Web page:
Along the way they're joined by their tomboyish classmate Frances (Grace Osborn) in their plan to blow up the mine and bury their fathers once and for all; but Jake and his friend Chet (David Leopold) are on their trail.
The Park Theatre has had a mixed first couple of years of existence, especially in this studio space where a few highlights have been interspersed with amateurish efforts, but in both casting and production director Matthew Iliffe has put together a show that feels on a par with the classier homes of fringe musicals like the Finborough or Southwark Playhouse. There's a bit more dry ice than strictly necessary (I'm generally in favour of actually being able to catch a glimpse of the cast now and then) but Rachel Wingate's in-the-round design sits under a ceiling of tangled ropes that suggest an atmospheric setting of neglect and danger.
Jenkins has a strong voice albeit with a bit of a thankless character - his characterisation doesn't get much beyond "angry" - with Leopold strong support as a lunkish best friend. But the real discoveries here are the three younger actors who actually have the majority of the stage time in a coming-of-age journey over disused rail tracks that sometimes felt like I was watching Stand By Me: The Musical. Peacock is likeably determined as Pete, while Heenan's Dusty has a hint of campness that suggests he's more fond of his friend than he lets on (or maybe I'm extrapolating from the fact that Dusty Rivers sounds like a drag name.) He also plays a saw, giving 2016 a bit of a twist by making music with a household item that isn't a spoon. And Osborn, as the only female character in the show, is a refreshing addition when the story threatens to stagnate. All three have good voices and stage presence.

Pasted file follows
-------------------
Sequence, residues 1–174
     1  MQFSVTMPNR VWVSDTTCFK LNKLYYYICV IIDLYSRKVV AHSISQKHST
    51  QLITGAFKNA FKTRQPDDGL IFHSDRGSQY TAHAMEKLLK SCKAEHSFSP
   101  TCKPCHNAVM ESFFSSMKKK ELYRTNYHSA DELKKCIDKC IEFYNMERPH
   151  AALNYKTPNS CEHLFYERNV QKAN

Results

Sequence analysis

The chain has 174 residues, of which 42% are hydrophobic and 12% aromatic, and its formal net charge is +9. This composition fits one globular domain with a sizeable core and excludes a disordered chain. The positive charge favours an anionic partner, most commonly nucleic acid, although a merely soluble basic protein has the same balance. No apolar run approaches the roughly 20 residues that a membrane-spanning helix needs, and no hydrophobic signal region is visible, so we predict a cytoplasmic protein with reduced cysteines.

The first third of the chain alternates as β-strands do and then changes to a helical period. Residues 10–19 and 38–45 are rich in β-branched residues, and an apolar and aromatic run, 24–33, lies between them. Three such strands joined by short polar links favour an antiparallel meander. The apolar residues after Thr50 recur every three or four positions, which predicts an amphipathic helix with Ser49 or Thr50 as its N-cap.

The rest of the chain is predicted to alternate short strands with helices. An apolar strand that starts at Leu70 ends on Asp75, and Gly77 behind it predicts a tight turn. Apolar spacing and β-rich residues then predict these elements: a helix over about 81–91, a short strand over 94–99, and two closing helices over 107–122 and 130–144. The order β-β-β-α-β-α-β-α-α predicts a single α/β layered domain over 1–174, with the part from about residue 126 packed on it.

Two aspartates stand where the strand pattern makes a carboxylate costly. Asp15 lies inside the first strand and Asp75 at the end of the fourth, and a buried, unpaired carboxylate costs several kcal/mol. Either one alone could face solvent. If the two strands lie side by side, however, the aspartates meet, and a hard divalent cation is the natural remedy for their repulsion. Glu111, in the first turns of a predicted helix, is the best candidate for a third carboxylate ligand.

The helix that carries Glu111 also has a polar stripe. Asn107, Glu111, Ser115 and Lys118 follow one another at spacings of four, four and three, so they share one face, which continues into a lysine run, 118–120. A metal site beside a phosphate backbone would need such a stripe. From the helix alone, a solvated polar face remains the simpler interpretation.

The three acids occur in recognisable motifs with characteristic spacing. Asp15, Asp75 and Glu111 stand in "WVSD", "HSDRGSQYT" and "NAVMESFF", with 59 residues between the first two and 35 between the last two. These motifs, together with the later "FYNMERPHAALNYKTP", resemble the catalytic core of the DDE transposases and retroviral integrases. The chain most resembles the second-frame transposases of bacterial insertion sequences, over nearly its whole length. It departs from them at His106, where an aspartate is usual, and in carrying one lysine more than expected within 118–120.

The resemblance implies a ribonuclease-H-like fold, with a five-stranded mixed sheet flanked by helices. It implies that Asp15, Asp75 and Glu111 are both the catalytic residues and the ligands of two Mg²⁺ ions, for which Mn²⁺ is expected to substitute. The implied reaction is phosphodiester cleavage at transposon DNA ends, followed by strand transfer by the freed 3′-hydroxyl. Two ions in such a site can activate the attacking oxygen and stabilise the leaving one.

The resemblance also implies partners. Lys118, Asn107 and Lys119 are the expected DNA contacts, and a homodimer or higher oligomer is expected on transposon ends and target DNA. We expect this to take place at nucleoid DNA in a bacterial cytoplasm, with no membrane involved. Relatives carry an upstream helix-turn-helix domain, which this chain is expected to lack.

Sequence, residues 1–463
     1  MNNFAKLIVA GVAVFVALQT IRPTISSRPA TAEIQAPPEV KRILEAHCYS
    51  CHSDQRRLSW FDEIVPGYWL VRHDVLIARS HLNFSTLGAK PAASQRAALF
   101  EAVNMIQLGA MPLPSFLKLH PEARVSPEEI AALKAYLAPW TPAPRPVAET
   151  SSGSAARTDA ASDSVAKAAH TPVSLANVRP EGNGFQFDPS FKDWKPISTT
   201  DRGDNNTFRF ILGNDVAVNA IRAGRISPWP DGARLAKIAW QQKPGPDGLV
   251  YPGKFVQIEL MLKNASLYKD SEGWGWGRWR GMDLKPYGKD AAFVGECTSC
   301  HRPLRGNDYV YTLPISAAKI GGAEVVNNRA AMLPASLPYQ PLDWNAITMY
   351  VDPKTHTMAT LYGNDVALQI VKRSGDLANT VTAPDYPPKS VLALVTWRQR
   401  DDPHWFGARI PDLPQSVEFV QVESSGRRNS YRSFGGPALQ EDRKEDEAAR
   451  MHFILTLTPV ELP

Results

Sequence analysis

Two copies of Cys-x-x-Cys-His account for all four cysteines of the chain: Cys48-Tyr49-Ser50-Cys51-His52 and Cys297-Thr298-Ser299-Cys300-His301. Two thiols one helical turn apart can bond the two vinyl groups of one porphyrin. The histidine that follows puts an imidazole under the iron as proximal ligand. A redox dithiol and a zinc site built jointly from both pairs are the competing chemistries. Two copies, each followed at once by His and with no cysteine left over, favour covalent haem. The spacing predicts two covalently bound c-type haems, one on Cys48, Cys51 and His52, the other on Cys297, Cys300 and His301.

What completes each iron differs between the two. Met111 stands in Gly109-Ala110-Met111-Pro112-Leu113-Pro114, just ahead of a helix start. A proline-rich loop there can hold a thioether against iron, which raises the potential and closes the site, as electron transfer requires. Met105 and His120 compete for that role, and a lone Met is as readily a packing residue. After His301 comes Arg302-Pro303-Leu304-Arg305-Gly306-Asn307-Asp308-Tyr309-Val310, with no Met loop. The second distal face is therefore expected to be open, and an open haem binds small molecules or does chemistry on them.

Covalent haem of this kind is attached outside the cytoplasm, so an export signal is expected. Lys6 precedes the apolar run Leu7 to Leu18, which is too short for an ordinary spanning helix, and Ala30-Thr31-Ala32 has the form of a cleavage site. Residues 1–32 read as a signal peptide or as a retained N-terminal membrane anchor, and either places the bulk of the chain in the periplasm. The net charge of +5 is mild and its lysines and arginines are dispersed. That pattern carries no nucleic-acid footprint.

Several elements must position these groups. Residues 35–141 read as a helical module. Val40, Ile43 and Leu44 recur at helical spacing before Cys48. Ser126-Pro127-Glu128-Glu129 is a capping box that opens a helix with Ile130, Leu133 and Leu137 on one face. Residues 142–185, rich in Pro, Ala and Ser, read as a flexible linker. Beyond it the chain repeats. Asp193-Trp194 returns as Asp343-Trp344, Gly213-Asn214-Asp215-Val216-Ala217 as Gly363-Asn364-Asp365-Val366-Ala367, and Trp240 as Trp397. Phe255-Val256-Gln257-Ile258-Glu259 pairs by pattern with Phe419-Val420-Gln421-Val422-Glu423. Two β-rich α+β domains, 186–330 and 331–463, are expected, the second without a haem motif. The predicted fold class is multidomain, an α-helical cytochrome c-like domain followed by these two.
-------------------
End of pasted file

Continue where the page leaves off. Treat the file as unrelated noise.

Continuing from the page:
I can't say I came out humming the songs but I was definitely tapping my foot along to many of them, which is usually as good as I get with a new musical - Chris Miller's music and Nathan Tysen's lyrics have the edge over Mariana Elder's book, the action sometimes flagging when it goes too long without a song. Tysen's lyrics occasionally try to be too clever for their own good, and as the show comes with a chorus of Dead Miners, the in-the-round staging does mean that when the whole cast is onstage blocking becomes an issue. For the most part The Burnt Part Boys succeeds though, as an often sweet show that doesn't tip over into saccharine, and in making a story that doesn't seem an obvious fit for a musical work.
The Burnt Part Boys by Mariana Elder, Chris Miller and Nathan Tysen is booking until the 3rd of September at Park Theatre 90.
Running time: 1 hour 45 minutes straight through.
Photo credit: Sacha Queiroz.